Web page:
How did it feel playing Sujata? How much of the mother in you came out?

I don’t think you can divorce yourself from that situation, if you are a mother, a woman, or a parent, you can’t say I will handle that as an actor. You have to be there, you are playing a living character -- the kind of steely strength and bravery and love for the boy Sujata has, the film tries to show that all. The film shows people what a mom really is and that’s really the truth because I didn’t know how much my mother loved me till I had my own kids. When my kids turned about 3 months old, I called up my mother and I wept over the phone. I never knew how much she loved me till I had to do everything that she did for me --- staying up with me and holding me all night, walking me up and down the room. I felt exhausted as a parent in 3 months and I don't know how I survived and if I have survived and grown up with such a fabulous upbringing it’s because of my mother. That’s what Revathy has done with Salaam Venky too besides showcasing the social angle beautifully.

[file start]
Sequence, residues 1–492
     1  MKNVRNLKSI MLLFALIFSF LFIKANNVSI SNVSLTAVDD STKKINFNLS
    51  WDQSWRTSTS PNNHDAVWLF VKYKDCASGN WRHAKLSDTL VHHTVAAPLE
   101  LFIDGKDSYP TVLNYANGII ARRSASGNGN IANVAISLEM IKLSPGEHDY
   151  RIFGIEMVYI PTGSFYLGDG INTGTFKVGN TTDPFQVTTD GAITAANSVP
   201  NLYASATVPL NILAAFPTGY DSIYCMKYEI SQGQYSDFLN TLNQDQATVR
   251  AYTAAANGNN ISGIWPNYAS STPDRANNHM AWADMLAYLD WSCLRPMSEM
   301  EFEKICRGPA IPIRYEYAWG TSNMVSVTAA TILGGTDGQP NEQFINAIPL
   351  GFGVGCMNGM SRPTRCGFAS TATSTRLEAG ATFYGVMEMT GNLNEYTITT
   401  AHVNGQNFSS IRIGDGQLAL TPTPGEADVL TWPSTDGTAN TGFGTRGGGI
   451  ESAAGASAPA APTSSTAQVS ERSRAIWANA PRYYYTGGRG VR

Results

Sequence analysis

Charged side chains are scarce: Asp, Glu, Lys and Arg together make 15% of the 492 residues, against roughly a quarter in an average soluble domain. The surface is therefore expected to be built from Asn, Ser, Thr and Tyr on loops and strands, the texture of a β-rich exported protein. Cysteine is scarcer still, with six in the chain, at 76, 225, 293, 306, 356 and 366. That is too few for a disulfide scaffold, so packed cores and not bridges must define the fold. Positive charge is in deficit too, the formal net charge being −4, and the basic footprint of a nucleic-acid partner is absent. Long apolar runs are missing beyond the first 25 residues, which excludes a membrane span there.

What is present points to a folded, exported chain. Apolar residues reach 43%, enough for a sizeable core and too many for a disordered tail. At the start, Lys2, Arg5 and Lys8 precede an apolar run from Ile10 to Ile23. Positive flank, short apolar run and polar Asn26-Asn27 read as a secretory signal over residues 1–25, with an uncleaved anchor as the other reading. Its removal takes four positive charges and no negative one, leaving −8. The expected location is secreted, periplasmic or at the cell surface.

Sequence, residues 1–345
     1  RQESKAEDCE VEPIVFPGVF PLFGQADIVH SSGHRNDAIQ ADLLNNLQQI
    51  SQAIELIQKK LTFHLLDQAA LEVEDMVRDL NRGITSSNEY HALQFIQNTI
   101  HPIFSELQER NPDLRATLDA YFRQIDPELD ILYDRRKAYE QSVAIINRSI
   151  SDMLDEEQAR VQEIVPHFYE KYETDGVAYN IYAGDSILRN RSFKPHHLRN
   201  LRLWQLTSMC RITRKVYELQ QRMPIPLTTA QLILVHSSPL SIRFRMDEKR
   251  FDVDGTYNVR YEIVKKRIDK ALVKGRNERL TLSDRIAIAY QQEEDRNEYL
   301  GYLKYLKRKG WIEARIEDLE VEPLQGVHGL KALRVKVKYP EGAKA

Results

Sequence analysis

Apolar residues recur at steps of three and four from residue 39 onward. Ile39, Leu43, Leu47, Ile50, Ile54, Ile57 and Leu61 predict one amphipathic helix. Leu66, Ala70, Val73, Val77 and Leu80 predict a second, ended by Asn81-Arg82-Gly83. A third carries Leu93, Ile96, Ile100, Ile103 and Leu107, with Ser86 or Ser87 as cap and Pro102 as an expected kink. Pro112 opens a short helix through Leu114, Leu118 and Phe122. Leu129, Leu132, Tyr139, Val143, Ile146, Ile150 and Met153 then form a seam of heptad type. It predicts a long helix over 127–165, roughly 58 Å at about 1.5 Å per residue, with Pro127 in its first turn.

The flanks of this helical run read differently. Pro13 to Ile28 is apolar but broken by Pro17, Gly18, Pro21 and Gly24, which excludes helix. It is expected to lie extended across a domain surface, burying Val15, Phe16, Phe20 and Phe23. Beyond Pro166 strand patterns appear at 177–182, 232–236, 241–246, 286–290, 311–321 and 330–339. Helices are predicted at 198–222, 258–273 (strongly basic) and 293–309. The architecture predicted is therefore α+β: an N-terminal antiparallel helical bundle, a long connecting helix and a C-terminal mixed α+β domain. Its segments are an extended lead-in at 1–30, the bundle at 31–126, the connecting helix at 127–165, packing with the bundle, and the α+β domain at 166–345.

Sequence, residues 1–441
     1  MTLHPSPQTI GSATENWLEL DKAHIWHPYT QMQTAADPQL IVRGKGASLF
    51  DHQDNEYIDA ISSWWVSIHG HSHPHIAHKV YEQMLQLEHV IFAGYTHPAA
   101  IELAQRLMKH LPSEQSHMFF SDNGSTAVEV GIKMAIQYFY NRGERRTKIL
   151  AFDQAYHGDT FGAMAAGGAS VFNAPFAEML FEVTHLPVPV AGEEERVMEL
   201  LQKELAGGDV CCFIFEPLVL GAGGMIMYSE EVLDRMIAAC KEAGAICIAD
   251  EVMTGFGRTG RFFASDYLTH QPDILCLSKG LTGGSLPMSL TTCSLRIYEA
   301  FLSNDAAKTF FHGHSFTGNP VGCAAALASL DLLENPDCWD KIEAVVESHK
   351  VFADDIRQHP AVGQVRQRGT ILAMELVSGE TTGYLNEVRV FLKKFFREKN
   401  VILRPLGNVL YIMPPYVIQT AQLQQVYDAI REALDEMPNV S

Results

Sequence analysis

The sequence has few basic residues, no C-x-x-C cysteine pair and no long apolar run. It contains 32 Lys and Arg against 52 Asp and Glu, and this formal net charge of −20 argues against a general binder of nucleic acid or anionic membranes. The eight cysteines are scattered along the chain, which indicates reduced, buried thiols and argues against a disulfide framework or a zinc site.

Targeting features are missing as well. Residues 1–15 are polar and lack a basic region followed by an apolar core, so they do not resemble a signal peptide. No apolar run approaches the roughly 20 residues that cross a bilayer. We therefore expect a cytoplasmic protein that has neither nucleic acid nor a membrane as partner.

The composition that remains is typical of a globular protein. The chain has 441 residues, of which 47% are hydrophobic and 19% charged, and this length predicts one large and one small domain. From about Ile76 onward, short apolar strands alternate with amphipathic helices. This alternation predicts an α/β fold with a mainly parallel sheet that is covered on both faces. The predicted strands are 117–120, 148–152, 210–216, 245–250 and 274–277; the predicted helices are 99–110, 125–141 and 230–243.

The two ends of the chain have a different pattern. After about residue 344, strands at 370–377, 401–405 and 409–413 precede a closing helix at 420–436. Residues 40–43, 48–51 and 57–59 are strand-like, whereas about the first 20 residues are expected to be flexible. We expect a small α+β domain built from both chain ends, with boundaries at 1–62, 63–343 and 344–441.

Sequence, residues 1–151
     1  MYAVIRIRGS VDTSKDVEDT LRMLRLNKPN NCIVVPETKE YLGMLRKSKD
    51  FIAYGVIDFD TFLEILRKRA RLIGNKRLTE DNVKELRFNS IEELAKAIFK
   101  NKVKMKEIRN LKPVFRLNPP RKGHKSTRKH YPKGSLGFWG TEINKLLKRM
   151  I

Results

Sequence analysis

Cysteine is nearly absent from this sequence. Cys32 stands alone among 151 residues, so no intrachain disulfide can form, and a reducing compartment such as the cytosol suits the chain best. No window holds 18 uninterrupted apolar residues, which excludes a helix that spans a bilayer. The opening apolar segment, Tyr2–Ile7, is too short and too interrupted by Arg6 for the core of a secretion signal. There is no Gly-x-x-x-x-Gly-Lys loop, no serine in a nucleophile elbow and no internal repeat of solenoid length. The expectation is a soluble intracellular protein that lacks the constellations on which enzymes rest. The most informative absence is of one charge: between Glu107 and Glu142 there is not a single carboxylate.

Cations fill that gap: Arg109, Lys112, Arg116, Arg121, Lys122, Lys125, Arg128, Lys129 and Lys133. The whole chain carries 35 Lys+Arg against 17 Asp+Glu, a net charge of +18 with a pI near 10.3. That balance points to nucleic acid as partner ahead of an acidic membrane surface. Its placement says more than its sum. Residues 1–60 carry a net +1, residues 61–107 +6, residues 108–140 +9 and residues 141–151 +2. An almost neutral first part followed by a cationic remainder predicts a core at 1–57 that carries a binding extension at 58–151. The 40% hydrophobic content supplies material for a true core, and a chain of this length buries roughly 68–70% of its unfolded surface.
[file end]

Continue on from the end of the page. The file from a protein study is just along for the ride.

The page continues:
Vishal Jethwa
Vishal Jethwa

What’s your biggest takeaway from the film?

Kajol: I will not let my fear for my children stop them from doing whatever they want to pursue or do in life. Today, if they want to jump from the third step, I would say, ‘Jump I’m here to catch you’.

Revathy: For the past 15 years, I have lived with this story. When Sujata tells me that she has not done anything extraordinary, that she has just been a mother and it was her duty to take care of her son whom she brought to the world, these are such simple yet strong words with which none can contend. That’s what we exactly showed in our film.

Your upcoming projects:

Kajol: I’ll tell you mine while these two make up their minds (laughs). I have The Good Wife coming and I am also doing a film for Dharma productions.

Revathy: I just shot in Kolkata for a series called Tooth Pari and I’m there in Tiger too.

Vishal: I’m shooting for three films and they are from different genres.